UMBC's Mundorf can finally smile


During the first half of Sunday's important, 10-9 victory over Albany, UMBC senior attackman Brendan Mundorf felt a little lighter on his feet. That's what happens when a player of Mundorf's caliber lets go of a puzzling, extended, goal-scoring slump.

Coming into the Albany game, Mundorf (Mount St. Joseph) admits he had started to press, started to force shots, started to wonder at times how and why this was happening. How could the reigning America East Player of the Year, a talent who produced 29 goals and 28 assists as a junior, a guy so skilled he made the Australian team for this summer's World Lacrosse Championships, have only three goals after six games?

Finally, Mundorf sent his lingering doubts packing. With great dodges and well-placed shots, he lit up the Great Danes with three first-half goals, doubling his season total.

"I had a little sigh of relief," said Mundorf, who also had an assist against Albany and earned conference Player of the Week honors.

"You start to think about too much as a player what you're doing right or wrong. You start aiming, because you're thinking about too much. It was definitely good to get out and get a couple of goals early. I don't want to think about [the slump] anymore."

If the Retrievers (4-3) are going to make the NCAA tournament for the first time since 1999, they probably need Mundorf to surge in the season's second half. Through seven games, he leads UMBC with 10 assists, but is shooting just 16.7 percent, the lowest among the team's six offensive starters.

To their credit, the Retrievers have spread their production remarkably among their starting six, who have carried an offense that has been way short on depth. The starters have accounted for all but two of the team's points.

Midfielders James Hyland, Terry Kimener and Evan Kay and attackmen Andy Gallagher, Drew Westervelt and Mundorf each have produced between 14 and 17 points.

NCAA implications

The annual match between Towson and UMBC is typically an entertaining, physical affair that befits cross-town rivals. But tonight's meeting at UMBC carries an additional edge.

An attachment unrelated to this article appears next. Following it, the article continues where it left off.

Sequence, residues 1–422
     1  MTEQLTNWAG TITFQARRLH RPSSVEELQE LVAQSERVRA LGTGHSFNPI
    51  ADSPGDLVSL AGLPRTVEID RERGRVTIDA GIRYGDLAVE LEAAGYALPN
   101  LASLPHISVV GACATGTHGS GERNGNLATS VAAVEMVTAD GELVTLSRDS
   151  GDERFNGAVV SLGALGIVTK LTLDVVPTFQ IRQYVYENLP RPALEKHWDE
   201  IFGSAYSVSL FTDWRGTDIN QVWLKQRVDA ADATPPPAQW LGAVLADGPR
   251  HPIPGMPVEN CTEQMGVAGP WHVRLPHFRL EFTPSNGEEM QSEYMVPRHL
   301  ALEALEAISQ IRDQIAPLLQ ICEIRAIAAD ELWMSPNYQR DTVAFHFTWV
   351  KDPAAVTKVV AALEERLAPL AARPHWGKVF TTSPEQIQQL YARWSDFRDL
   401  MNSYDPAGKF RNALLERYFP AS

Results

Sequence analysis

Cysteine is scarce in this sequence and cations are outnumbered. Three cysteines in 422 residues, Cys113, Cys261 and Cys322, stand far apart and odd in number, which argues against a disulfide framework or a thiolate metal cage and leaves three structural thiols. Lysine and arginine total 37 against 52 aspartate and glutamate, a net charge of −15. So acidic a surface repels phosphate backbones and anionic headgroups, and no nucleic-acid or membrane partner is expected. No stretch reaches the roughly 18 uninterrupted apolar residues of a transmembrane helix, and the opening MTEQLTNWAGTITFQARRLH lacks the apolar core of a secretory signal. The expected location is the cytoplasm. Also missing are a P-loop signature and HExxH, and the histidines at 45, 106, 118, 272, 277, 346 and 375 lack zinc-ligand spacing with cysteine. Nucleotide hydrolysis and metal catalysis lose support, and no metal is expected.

The winner might end up with a leg up on an at-large NCAA tournament bid in the event that it falters in its conference tournament and misses an automatic qualifier. With Syracuse struggling at 2-4 and facing a tough schedule ahead, and with Duke's season on indefinite suspension, two unexpected at-large slots could open next month.

"The crystal ball is awfully cloudy. It's hard to make predictions right now," UMBC coach Don Zimmerman said. "A win [tonight] is going to help you and a loss is going to hurt you. Every game, there seems to be a lot at stake."

Both the Tigers (4-4) and Retrievers are now playing well.

Towson reversed course with two straight wins, including its best performance of the spring against Colonial Athletic Association rival Delaware on March 25, before losing a 10-9 heartbreaker in overtime at No. 3 Hofstra. UMBC has beaten Denver and Albany in succession and is trying to beat three ranked teams in a row for the first time.

"I think the winner of this game has really helped themselves as far as not needing the AQ," Towson coach Tony Seaman said. "I think we have to win four more games and one of the biggest ones is [tonight]."

Penn on roll

Hofstra, which went 8-8 a year ago, is easily the biggest midseason surprise. The Pride has won seven straight after losing its season opener, and its senior-laden team looks like a real NCAA tournament threat.

Coming on equally strong - and some would say out of nowhere - are the ninth-ranked Pennsylvania Quakers, who have bolted to a 7-1 start. After collapsing amid a handful of one-goal losses to finish 2-11 in 2005, and two years after finishing 7-7 with a first-round loss in the NCAAs, Penn has served notice as Ivy League contender that it could at least grab an at-large tournament spot next month.

Led by senior midfielder and St. Paul's alumnus D.J. Andrzejewski (team-high 25 points) and bolstered by a defense that is allowing just 6.7 goals a game, Penn stamped its legitimacy with an 8-6 victory over then-unbeaten Cornell on Saturday. That left top-ranked Virginia as the lone undefeated team in Division I.

'07 final four tickets

An exclusive, pre-sale ticket offer is available for the 2007 NCAA men's lacrosse championships at M&T; Bank Stadium. The championships, which will be held May 26-28 next year, will be hosted by Johns Hopkins, UMBC, Towson University and Loyola College.

The offer is open to anyone with season tickets at a host school. Call the Ravens' box office at 410-261-RAVE or contact the ticket office at a host school.

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